We have not been to as many places as we originally planned, but we are certainly getting to know more about the places we have been. Time is governed by the events as opposed to events being governed by the amount of time available. When I sat down to write this installment of the blog, I was at a but of a loss as to what to say because we haven’t moved off of our mooring ball since Feb 1.As I reviewed the pictures however, I realized just how full the past few months have been. Tomorrow we are off to the Bahamas and the voyaging part of cruising will begin again.

Look for another installment before the next quarter is out. In the meantime enjoy the pictures and have a great week, I know I will.


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Double click on the picture for the captions, run the slideshow to view the pics full screen. if you do not see any pictures below, make sure you have Adobe flash player installed. To install flash copy this link into your browser http://www.adobe.com/products/flashplayer/

Friday, February 20, 2009

Marathon East to Marathon West

Greetings to all from Marathon! I have to apologize to our followers for not updating the blog for such a long period of time, but in our defense we have only just realized that we have been here for 2 months. We thank all who wrote, and for the stream of concerned e-mails wondering if we were still on the surface. Rest assured we are still here, and are living in a world where the saying “My how time flies when you are having fun!” is a mantra for life.

Once a cruiser reaches a particular destination, there is a tendency to stay put for a while. Everybody begins with the intention of cleaning up the boat, re-provisioning and setting off again, but there is something hypnotic about Marathon that causes people to stay much longer. It is perhaps one of the paradoxes of cruising that I have heard repeated over and over from many hardcore long term cruisers, a group in which Pat and I are still novices. So despite the fact that cruisers are adherents of a nomadic lifestyle, there is a tendency to plant roots very quickly. Certainly that was the case for Pat and me, because after arriving in Marathon Harbor on December 21 we have moved maybe a total of 12 miles. And most of those 10 miles were used to exit the harbor and take care of little household chores like flushing the holding tanks 3 miles off shore!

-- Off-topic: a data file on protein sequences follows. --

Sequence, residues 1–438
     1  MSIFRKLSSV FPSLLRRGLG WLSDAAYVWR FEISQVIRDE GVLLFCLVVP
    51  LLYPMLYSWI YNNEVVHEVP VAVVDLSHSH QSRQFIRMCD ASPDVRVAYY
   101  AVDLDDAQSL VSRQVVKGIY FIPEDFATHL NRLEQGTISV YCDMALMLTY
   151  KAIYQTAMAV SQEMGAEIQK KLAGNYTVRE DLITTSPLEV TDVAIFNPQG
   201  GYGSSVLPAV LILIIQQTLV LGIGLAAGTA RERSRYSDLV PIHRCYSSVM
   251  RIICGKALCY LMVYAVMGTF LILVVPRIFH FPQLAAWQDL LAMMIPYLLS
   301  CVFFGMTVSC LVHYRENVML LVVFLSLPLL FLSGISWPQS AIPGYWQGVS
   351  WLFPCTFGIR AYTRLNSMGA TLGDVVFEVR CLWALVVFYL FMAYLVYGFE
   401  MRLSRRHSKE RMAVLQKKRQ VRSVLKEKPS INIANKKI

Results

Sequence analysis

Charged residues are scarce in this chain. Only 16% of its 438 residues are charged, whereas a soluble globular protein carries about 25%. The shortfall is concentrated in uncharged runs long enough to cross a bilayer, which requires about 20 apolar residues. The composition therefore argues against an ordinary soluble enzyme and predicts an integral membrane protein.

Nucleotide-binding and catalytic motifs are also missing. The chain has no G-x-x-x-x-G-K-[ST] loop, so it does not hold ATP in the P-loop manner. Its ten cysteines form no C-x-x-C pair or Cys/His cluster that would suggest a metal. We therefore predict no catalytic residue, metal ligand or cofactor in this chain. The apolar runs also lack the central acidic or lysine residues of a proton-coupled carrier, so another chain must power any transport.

The mark of how long a boat has been here is by looking at the amount of sea scum that has built up on the water line of a moored or anchored boat. The fresh arrivals show up with waxed hulls, clean dinghies and clear boot stripes. The long term residents however keep their dinghies looking appropriately scruffy, so they are less theft prone and their water lines resemble a reef. Most make an effort to keep their vessels looking tidy, but there are always a few that are like the suburban neighbor who never mows his lawn, and let their vessels decay to a floating Dog Patch. The intermediate residents like Pat and me only have a thin layer of slime on the water line and the slightest hint of barnacles at the edge of the bottom paint. The bottom of our unprotected dinghy however is an entirely different story, and will require a trip to the beach with paint scrapers to get clean again.